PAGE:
Unsafe wiring in Iraq causing electrocutions

This post was made at another newsgroup, but I thought it would be
appropriate for this group. It appears that Iraqi electricians are
not doing the grounding correctly.
In all, at least a dozen American military personnel have been
electrocuted in Iraq, according to the Pentagon and Congressional
investigators.
While several deaths have been attributed to inadvertent contact with
power lines under battlefield conditions, the Army bulletin said that
five deaths over the preceding year had apparently been caused by
faulty grounding, and the circumstances of others have not been fully
explained by the Army.
Many more soldiers have been injured by shocks, Pentagon officials
and
soldiers say.
The accidental deaths and close calls, which are being investigated
by
Congress and the Defense Department=92s inspector general, raise new
questions about the oversight of contractors in the war zone, where
unjustified killings by security guards, shoddy reconstruction
projects and fraud involving military supplies have spurred previous
inquiries.
American electricians who worked for KBR, the Houston-based defense
contractor that is responsible for maintaining American bases in Iraq
and Afghanistan, said they repeatedly warned company managers and
military officials about unsafe electrical work, which was often
performed by poorly trained Iraqis and Afghans paid just a few
dollars
a day.
One electrician warned his KBR bosses in his 2005 letter of
resignation that unsafe electrical work was =93a disaster waiting to
happen.=94
Another said he witnessed an American soldier in Afghanistan
receiving
a potentially lethal shock.
A third provided e-mail messages and other documents showing that he
had complained to KBR and the government that logs were created to
make it appear that nonexistent electrical safety systems were
properly functioning.
KBR itself told the Pentagon in early 2007 about unsafe electrical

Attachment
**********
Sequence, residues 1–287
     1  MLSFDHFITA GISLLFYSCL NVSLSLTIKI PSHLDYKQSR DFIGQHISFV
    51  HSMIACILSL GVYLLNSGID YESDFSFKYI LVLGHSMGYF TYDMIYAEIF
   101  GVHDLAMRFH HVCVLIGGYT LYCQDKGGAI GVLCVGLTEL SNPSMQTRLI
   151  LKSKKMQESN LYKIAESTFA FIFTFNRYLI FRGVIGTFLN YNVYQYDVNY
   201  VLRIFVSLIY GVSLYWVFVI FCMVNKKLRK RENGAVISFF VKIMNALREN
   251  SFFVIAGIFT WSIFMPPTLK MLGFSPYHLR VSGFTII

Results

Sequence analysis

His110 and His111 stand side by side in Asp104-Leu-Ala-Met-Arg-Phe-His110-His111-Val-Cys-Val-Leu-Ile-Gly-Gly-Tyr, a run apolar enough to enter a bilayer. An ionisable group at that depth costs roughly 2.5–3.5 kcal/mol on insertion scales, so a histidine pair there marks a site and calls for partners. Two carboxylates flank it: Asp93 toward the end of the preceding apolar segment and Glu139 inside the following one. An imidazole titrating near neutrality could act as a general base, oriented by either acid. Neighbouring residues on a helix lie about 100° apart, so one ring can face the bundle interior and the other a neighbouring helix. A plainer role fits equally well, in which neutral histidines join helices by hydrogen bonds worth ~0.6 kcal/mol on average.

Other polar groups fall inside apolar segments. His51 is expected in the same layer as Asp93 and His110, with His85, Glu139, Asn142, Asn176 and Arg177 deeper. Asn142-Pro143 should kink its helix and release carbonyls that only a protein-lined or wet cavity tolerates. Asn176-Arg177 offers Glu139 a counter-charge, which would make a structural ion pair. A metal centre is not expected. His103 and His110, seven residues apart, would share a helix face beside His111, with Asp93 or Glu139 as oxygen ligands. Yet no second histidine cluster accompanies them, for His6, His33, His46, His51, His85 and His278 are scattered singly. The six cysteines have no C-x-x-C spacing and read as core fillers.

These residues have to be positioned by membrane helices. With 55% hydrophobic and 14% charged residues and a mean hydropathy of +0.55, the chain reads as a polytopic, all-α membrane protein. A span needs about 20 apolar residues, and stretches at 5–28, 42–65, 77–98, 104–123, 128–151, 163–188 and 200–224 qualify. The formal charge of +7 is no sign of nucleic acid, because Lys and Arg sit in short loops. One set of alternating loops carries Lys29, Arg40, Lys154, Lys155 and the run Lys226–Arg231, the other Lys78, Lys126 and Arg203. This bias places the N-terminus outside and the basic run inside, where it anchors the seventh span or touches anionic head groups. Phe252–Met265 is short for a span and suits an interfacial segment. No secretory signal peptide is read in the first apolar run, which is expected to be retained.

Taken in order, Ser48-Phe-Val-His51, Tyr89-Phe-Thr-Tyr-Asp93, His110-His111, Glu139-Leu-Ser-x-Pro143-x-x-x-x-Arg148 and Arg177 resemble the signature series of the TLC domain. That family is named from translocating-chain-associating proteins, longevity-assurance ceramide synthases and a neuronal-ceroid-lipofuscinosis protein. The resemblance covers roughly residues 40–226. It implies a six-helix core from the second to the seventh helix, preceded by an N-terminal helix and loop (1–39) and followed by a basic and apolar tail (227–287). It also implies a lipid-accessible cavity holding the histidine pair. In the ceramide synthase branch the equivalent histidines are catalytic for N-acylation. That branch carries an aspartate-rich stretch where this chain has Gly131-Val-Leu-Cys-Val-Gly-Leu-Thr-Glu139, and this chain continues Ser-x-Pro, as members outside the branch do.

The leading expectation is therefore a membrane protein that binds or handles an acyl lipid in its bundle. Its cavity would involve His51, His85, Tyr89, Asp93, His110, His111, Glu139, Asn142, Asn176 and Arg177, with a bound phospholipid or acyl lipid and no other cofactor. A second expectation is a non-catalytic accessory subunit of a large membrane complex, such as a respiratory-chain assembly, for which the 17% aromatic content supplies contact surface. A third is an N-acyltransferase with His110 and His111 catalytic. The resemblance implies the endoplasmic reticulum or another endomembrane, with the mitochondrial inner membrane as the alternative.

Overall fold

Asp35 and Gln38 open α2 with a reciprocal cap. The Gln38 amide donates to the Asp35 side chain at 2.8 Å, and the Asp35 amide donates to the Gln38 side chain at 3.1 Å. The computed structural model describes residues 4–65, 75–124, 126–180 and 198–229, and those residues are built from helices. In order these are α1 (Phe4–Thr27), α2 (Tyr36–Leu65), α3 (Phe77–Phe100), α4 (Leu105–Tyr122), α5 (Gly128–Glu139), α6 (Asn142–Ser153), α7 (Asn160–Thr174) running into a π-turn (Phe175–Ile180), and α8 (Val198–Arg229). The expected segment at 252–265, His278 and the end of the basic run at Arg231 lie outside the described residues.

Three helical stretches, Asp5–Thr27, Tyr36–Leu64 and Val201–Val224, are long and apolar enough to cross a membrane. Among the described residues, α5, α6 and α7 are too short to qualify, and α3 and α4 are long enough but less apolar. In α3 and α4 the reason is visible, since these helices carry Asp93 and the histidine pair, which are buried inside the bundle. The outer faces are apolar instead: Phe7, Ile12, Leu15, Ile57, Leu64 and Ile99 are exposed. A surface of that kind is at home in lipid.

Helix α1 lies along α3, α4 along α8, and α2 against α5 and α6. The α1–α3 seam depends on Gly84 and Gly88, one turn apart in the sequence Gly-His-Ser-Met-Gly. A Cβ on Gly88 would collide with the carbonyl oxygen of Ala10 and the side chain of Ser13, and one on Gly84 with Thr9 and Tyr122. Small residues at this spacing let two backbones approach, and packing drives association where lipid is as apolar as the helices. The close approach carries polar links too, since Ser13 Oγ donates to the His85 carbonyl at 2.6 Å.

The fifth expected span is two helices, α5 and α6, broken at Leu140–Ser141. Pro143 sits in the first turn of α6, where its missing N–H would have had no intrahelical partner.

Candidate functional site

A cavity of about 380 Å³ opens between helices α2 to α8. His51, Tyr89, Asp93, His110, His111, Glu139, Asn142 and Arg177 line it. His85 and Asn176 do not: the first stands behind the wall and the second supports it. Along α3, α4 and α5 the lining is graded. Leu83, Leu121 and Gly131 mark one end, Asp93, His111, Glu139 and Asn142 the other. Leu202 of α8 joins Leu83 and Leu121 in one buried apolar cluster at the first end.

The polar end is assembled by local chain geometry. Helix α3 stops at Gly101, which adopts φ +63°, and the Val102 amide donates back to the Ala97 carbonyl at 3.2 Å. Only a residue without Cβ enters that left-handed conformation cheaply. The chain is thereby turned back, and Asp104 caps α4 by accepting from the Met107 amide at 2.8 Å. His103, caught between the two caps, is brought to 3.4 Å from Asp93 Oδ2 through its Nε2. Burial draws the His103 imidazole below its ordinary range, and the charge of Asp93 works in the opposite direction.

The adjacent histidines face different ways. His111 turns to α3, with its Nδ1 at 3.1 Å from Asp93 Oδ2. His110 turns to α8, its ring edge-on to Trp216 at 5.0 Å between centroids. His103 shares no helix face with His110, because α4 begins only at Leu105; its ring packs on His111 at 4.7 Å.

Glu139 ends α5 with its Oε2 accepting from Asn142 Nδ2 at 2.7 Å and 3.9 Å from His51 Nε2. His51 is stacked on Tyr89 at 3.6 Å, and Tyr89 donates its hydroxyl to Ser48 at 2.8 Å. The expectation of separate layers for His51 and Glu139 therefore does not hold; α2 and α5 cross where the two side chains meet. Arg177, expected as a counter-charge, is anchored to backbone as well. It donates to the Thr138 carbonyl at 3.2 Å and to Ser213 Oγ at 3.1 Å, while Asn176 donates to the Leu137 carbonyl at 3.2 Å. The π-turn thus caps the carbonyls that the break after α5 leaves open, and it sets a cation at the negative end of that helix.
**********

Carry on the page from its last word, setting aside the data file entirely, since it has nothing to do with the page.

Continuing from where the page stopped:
wiring at a base near the Baghdad airport, but no repairs were made.
Less than a year later, a soldier was electrocuted in a shower there.
=93I don=92t feel like they did their job,=94 Carmen Nolasco Duran of La
Puente, Calif., said of Pentagon officials.
Her brother, Specialist Marcos O. Nolasco, was electrocuted at a base
in Baiji in May 2004 while showering.
=93They hired these contractors and yet they didn=92t go and double-check
that the work was fine.=94
=2E.........................................................................=
.=AD.......................
Keith Ernst, who stepped down Wednesday as the agency=92s director,
acknowledged, though, that the agency was =93stretched too thin=94 in
Iraq
and that the small number of contract officers did not have expertise
in dealing with so-called life support contracts, like that awarded
to
KBR to provide food, shelter and building maintenance.
=93We don=92t have the technical capability for overseeing life support
systems,=94 he said.
For its part, KBR, which until last year was known as Kellogg, Brown
and Root and was a subsidiary of Halliburton, denied that any lapses
by the company had led to the electrocutions of American soldiers.
=46rom The New York Times, 5/4/08:
formatting link

Despite Alert, Flawed Wiring Still Kills G.I.=92s
By JAMES RISEN
WASHINGTON =97
In October 2004, the United States Army issued an urgent bulletin to
commanders across Iraq, warning them of a deadly new threat to
American soldiers.
Because of flawed electrical work by contractors, the bulletin
stated,